Naples man among DACA recipients whose fate rests with Supreme Court

Published: November 12, 2019 4:40 PM EST
Updated: November 12, 2019 6:36 PM EST

More than 25,000 so-called, “Dreamers,” call Florida home. In Southwest Florida, we caught up with a Naples man who was raised here, after he was brought to the United States by his family. He now works at a car dealership.

Mario Aviles, among the nearly 26,000 Deferred Action for Childhood Arrivals recipients in Florida and over 700,000 nationally, told WINK News he is nervously keeping close attention as the Supreme Court of the United States considers his future. He works as an automotive technician at Germain Lexus of Naples. Being a DACA recipient allows him to work fulltime and go to school.

“You can’t drive recklessly; you can’t have any records on your part; you have to study or work to show proof,” Aviles said. “Otherwise, they won’t renew your permit. So I have to keep on track all the time.”

The job at Germain Lexus allows him to support his parents and three younger brothers. He said you need to work hard if you want something, “work for it because things aren’t free.” Aviles can tell you that from his experience, he came to the U.S. from Mexico when he was 13-years-old.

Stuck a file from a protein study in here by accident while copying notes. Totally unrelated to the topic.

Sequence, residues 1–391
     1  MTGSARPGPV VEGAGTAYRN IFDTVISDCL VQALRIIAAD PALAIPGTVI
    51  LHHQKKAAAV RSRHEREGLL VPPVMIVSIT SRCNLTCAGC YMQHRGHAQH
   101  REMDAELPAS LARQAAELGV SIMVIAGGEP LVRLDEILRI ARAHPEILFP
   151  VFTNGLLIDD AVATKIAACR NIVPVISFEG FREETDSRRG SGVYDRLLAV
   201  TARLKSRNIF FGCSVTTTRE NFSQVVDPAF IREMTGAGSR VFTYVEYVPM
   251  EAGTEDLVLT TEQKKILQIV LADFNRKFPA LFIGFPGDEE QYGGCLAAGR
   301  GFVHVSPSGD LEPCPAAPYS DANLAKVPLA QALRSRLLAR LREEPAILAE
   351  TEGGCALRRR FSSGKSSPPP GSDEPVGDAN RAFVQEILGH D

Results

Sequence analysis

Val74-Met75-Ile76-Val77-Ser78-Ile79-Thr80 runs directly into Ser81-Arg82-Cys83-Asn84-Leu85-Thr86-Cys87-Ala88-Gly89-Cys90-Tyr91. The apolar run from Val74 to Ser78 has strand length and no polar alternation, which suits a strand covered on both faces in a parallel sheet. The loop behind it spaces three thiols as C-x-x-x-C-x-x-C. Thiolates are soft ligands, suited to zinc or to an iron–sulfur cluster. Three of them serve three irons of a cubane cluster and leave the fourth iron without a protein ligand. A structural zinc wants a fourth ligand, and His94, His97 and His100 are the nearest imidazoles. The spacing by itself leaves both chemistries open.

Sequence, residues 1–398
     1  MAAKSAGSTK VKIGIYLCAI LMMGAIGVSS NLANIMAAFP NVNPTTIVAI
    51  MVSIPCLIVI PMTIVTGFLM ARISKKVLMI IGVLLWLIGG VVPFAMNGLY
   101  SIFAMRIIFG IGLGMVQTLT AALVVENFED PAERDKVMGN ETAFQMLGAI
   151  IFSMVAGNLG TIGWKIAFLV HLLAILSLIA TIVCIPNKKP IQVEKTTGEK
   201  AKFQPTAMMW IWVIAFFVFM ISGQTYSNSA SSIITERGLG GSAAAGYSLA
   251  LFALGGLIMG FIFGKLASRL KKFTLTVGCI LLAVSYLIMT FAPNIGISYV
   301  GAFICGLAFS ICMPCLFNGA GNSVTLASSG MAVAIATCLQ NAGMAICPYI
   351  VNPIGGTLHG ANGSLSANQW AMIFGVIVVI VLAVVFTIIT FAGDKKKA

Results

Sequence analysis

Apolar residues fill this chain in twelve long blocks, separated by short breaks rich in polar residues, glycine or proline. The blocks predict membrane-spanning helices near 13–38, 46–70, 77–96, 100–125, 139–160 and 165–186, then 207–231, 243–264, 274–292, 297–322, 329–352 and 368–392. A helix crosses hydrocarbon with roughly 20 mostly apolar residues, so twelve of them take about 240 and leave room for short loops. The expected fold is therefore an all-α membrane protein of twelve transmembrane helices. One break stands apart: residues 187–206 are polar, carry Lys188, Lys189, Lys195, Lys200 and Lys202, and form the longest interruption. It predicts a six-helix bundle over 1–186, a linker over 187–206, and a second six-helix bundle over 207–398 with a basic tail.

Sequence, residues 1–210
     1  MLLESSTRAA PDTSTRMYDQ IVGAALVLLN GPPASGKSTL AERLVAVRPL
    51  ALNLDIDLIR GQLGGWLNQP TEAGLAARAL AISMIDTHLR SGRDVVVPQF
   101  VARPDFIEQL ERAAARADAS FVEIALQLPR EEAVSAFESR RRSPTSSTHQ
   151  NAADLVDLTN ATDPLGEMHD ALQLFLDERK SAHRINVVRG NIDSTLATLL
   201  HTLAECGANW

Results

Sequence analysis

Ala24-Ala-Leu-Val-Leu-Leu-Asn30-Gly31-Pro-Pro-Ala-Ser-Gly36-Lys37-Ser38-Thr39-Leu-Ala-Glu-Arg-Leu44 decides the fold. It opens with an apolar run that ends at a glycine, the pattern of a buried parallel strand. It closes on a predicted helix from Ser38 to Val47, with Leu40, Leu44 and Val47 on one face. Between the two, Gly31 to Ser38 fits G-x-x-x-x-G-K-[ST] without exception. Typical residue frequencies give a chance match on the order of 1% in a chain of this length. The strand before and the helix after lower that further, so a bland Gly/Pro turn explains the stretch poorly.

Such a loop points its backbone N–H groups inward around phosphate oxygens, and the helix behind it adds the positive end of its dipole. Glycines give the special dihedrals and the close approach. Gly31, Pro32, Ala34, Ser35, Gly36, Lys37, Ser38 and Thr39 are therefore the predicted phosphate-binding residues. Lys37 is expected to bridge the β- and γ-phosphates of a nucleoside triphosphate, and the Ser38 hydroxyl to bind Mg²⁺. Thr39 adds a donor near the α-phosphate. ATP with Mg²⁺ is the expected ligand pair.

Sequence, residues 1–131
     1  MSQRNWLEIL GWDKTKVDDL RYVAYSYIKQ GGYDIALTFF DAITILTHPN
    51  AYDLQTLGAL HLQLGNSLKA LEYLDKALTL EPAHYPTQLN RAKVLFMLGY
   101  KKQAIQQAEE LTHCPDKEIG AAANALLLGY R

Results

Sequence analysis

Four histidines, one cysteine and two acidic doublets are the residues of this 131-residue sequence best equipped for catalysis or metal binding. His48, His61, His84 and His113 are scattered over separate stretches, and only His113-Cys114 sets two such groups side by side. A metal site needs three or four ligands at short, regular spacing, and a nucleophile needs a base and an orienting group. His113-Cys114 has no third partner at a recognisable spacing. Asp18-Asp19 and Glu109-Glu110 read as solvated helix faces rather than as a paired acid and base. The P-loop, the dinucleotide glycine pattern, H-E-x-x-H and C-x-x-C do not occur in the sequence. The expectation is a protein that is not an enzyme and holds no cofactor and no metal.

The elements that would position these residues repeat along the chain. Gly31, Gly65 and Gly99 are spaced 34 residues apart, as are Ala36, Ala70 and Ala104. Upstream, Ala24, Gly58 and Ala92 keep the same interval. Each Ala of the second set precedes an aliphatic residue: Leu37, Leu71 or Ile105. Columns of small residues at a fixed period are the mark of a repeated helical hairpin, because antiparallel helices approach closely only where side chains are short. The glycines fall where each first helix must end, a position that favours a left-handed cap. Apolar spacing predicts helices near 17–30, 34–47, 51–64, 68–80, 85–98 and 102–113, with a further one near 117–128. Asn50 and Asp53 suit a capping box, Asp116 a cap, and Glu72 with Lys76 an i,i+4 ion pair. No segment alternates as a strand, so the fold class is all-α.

“I still remember everything,” Aviles said. “I crossed over with my grandma.”

Aviles considers himself as living the American dream and owes so much for the sacrifices his parents made for him. Those sacrifices gave him a better chance at life. He values the freedoms of obtaining an education, buying a home for his family and not having tedious restrictions on his mobility.

But that dream may be over soon if a majority of the justices on the Supreme Court side with the Trump Administration. President Donald Trump decided in 2017 to wind down his predecessor’s DACA program that was made through executive action. The conservative majority on the court appears unlikely on Tuesday to decide against the administration.

Currently, Dreamers have to apply for the program every two years. Aviles permit is up for renewal in 2021. The Supreme Court is expected to decide in June.

“One day you get it, the next day it can be taken away just like that,” Aviles said. “So we keep that in mind a lot. If it happens, then we’ll just go back, I guess. Start over. Again.